Hormonal Factors Linked to Early Onset of Rheumatoid Arthritis in Women

Current research discovered a connection between hormonal changes and early onset rheumatoid arthritis (RA) in women. A systematic review indicates females are significantly more vulnerable to earlier-stage RA, probably because of hormonal factors.

Under the guidance of Dr Hai Feng Pan, scientists at Anhui Medical University’s School of Public Health have examined data from over 223,000 500 UK Biobank subjects. This particular systematic review provided a 12-year follow-up of health and discovered that 3,313 women (1.5% of the participants) developed rheumatoid arthritis. RA is an auto-immune condition where the immune system attacks body tissues, mainly bones, and can cause extra organ damage.

Major hormonal junctures like menstrual onset and menopause are related to RA risk. The research determined that females who had their 1st period at age 14 as compared to 13 were at 17% risk. Note that menopause starting before 45 was associated with 46% greater risk than when it started at 50 or 51.

The length of a woman’s reproductive years is another important factor. The risk of RA was 39% greater for women with 33 years or fewer between their 1st period and menopause beginning compared to women with lengthier gestational lengths. Risk factors also included hysterectomy or oophorectomy (removal of the ovaries).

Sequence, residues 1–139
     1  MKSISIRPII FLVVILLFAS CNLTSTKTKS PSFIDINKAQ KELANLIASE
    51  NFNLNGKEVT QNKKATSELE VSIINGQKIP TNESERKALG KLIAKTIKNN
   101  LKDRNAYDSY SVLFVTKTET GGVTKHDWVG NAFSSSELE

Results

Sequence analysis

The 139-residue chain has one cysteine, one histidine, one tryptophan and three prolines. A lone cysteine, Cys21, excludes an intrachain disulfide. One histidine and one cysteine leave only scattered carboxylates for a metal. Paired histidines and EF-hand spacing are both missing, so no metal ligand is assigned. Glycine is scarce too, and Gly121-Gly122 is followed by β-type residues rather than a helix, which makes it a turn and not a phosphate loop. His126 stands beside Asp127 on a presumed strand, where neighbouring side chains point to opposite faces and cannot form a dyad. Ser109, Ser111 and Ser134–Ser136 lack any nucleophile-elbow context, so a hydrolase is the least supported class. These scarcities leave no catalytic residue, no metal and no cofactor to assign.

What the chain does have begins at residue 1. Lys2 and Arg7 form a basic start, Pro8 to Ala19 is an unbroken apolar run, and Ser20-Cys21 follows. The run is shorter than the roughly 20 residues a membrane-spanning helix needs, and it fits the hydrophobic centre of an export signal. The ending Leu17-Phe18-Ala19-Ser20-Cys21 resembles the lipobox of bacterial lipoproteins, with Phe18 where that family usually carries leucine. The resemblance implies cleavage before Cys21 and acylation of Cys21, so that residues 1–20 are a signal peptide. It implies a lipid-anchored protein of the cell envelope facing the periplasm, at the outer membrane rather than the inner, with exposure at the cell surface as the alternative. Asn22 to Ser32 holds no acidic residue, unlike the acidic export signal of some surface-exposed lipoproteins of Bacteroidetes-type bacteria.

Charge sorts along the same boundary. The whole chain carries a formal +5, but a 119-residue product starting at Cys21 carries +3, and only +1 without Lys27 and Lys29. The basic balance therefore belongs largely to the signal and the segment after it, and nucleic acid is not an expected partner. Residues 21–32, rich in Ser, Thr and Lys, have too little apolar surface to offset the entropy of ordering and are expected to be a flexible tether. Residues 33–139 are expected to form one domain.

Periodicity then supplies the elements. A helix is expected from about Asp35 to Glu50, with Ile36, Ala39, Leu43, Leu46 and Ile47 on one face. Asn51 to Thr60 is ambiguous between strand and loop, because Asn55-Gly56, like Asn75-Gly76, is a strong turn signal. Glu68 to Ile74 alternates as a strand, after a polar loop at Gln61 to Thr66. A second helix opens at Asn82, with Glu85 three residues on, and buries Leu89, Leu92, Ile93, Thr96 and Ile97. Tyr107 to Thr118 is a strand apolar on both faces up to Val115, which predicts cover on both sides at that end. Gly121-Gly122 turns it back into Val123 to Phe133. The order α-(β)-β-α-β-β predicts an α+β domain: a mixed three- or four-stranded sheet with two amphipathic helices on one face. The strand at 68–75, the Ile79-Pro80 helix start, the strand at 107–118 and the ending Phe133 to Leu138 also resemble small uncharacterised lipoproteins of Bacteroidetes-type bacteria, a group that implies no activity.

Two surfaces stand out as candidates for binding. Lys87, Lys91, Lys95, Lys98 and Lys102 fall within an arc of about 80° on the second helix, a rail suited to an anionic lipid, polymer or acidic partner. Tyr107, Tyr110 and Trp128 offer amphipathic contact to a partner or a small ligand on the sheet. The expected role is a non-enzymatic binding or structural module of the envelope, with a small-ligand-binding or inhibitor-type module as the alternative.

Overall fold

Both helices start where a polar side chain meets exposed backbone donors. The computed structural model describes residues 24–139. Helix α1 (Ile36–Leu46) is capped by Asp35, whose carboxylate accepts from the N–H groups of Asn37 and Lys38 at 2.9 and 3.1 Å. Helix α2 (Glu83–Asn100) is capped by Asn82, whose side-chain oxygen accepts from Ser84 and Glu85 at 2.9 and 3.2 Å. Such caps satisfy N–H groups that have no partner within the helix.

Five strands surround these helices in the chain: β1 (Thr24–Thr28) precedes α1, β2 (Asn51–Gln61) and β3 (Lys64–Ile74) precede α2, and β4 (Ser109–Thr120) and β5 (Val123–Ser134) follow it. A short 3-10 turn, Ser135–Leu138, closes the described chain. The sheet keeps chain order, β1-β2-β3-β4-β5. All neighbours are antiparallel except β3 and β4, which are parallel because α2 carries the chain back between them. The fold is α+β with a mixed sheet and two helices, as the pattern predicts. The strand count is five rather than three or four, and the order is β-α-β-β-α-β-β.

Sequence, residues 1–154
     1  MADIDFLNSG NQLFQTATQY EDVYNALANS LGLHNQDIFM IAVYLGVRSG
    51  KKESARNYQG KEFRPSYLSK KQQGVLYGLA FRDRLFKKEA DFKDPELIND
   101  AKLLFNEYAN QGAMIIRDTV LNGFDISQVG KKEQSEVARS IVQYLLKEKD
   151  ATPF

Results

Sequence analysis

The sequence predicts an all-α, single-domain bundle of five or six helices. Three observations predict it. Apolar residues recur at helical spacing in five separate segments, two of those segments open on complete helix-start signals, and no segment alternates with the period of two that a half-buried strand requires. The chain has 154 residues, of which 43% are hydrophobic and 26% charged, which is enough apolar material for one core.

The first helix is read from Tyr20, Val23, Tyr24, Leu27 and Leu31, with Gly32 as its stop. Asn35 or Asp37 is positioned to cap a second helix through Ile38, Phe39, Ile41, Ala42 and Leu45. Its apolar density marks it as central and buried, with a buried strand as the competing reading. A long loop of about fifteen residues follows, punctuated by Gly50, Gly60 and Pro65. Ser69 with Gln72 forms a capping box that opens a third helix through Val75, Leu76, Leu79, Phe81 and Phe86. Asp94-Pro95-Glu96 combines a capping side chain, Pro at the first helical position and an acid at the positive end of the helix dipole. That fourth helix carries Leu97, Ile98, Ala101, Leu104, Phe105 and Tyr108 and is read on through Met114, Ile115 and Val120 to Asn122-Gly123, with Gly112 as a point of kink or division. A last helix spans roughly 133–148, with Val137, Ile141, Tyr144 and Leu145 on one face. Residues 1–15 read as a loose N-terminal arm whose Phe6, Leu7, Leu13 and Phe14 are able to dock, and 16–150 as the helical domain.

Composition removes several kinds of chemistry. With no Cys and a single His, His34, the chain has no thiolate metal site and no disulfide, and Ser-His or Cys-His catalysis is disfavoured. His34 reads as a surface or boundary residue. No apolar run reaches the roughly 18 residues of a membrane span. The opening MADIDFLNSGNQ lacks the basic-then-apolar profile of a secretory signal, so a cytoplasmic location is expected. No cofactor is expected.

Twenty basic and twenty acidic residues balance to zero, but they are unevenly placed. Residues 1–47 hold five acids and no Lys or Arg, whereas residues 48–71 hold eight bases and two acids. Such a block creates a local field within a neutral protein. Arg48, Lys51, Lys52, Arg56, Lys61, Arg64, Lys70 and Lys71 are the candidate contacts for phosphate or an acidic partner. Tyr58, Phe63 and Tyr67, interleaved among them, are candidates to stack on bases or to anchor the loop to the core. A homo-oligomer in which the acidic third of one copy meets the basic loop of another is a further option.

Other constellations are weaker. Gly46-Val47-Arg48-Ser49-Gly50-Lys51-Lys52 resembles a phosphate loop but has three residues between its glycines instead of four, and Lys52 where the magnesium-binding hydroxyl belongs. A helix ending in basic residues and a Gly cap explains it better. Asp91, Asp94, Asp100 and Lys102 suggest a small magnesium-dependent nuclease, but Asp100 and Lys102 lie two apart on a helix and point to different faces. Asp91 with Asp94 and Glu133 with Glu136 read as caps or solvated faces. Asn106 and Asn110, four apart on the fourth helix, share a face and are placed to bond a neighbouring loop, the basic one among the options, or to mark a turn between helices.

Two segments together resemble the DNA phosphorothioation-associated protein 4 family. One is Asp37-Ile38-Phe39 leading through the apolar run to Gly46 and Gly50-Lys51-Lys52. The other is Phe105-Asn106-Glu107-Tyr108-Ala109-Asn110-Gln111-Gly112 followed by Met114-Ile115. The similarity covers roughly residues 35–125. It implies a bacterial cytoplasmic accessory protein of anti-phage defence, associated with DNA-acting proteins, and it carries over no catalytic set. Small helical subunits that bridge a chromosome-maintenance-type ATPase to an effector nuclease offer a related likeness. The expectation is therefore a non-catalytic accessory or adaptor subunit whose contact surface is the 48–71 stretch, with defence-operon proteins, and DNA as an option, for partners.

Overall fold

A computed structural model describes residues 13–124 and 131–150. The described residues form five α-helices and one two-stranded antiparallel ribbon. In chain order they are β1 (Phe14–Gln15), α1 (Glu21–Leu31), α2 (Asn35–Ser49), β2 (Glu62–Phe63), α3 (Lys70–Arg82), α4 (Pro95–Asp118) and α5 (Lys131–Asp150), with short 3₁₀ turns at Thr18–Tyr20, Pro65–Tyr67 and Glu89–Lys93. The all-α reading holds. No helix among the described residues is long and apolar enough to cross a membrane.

Notably, using birth control pills didn’t raise the risk. However, those who take hormone replacement therapy (HRT) had a 46% higher chance of contracting the illness.

A further surprising statistic was that females having four or more kids were 18% more prone to get RA compared to people with two kids. This indicates that pregnancy and ensuing hormonal changes might be involved in RA.

While the research results are persuasive, the authors warn against accepting them as definitive proof of cause rather than associations. These insights, though, are invaluable and could result in innovative, specific treatments to lessen female rheumatoid arthritis risk.

Dr Pan’s team highlights the importance of their results and the possibility of developing innovative preventive measures. While the connection between hormonal changes and RA becomes clearer, upcoming studies could possibly clarify and eventually lower this risk for females worldwide.


Jiang L, Zhang R, Musonye HA, et alHormonal and reproductive factors in relation to the risk of rheumatoid arthritis in women: a prospective cohort study with 223 526 participantsRMD Open 2024;10:e003338. doi: 10.1136/rmdopen-2023-003338